Japan’s government will pump millions into aid projects in Vanuatu ahead of the country’s forthcoming election as part of a $100 million bid to shore up influence in the Pacific nations.
The funding supports the goal, set out in a regional meeting convened by Japan in 2018, to “achieve resilient and sustainable development” in the Pacific Islands including health, by “enhancing co-operation” to raise the quality of medical services “and the welfare of the people in the Pacific”.
Japan will send $8 million to Vanuatu later this year to purchase a mobile clinic to improve medical care in the island nation’s rural and remote areas, the Japanese government has confirmed.
Tokyo’s funding for medical care and sanitation follows US$64 million ($94 million) from 2011 to 2017 in aid from Tokyo for the Port Vila Lapetasi International Wharf Development Project, and $US23 million for school upgrades and renovation, according to data compiled by Lowy Institute.
Japan has spent more than $100 million in aid on Vanuatu alone over the past decade.
“The magnitude of Japan’s aid in Vanuatu allows it to remain a significant player in the country,” said Lowy Institute Research Fellow Alexandre Dayant.
Vanuatu is also one of eight Pacific Island nations where Japan has opened an embassy in recent years.
Nevertheless, China’s flow of funding is large and is expected to grow. China’s aid to Vanuatu ($US100 million) has leap-frogged Australia’s ($US54 million), with Japan in the third-spot at $US30 million on 2017 numbers, the latest available, from Lowy.
Only eight years ago, China’s aid to Vanuatu stood at $US1.5 million. The dramatic leap reflects how China has given priority to the region, as part of its Belt & Road Initiative, a plan to reorient global trade and influence towards Beijing.
The Age and Sydney Morning Herald reported in 2018 that China was seeking to establish a military base in Vanuatu. Although the report of the proposed base was later denied, it set off alarm bells through the region, highlighting the strategic possibilities of the authoritarian nation in the Pacific.
The jockeying for influence comes as the nation goes to the polls on March 19 for the first elections since the 2016 constitutional crisis. Prime Minister Charlot Salwai visited Beijing last year, when Chinese President Xi Jinping acknowledged the two countries’ relations were “at the peak in history”.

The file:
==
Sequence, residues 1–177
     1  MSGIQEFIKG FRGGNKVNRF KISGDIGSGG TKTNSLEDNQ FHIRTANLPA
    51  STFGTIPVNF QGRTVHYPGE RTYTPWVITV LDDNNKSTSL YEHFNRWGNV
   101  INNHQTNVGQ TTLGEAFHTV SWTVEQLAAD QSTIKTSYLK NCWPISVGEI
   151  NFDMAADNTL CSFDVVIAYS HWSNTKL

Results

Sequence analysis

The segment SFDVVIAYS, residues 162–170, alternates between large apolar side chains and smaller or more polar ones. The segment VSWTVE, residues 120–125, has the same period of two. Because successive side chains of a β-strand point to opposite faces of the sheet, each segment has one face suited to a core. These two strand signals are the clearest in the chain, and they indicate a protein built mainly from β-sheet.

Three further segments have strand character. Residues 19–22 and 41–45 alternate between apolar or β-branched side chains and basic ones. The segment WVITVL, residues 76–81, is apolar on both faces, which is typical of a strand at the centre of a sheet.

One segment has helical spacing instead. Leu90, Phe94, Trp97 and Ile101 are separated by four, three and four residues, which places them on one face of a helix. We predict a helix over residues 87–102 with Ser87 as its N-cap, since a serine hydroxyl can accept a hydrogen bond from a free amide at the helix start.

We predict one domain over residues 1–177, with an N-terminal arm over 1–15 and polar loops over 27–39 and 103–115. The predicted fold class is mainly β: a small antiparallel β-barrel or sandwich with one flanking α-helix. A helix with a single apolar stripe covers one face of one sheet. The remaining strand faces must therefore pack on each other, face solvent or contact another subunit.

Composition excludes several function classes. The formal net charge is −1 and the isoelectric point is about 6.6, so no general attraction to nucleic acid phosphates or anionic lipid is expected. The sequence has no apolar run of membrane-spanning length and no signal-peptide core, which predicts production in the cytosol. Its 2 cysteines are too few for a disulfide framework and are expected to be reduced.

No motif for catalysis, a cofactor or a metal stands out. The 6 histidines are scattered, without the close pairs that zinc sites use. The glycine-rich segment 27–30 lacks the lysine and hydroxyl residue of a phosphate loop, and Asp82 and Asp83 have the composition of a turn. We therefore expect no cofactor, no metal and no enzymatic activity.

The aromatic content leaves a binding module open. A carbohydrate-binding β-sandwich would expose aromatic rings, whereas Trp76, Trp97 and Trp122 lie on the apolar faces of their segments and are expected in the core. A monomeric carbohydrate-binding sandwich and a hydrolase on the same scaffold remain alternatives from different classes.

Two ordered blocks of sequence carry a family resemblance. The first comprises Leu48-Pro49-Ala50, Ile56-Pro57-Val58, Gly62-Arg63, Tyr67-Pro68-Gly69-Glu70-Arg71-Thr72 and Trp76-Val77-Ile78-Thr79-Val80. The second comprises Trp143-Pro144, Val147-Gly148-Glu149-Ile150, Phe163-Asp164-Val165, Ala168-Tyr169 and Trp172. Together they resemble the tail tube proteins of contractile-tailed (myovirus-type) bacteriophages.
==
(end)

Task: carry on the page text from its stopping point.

The government of Vanuatu was contacted for comment.
With hard infrastructure building a key part of China’s BRI, most of China’s aid has gone to the development the Lugainville Wharf.
“Over the past few years, the Pacific has become of great importance for traditional powers in the Asia-Pacific, the United States, Australia, New Zealand and Japan, as China is stepping up in the region,” said Dayant.
Dr Tess Newton Cain of TNC Pacific Consulting said: “Both Japan and China have well-established and longstanding bilateral relationships with Vanuatu (as do a number of other countries).”
“Japan has recently increased its presence in Vanuatu with the opening of an embassy,” said Newton Cain, who also cited Japanese loans to build the Lapetasi wharf in Port Vila.
Under the Salwai government government, there have been more areas of interaction between Vanuatu and China, said Newton Cain, “including numerous high level visits and commitments by Beijing to support infrastructure projects under the Belt & Road Initiative”.
That means Japan, China, Australia and New Zealand will likely continue to increase attention and effort on Vanuatu.
“My sense of what is wanted by the leaders and the people of Vanuatu is that they have no interest in being part of a competition (if there is one),” said Dr Newtown Cain.
Nevertheless, Vanuatu is a country in the Pacific region where outside powers will vie for influence.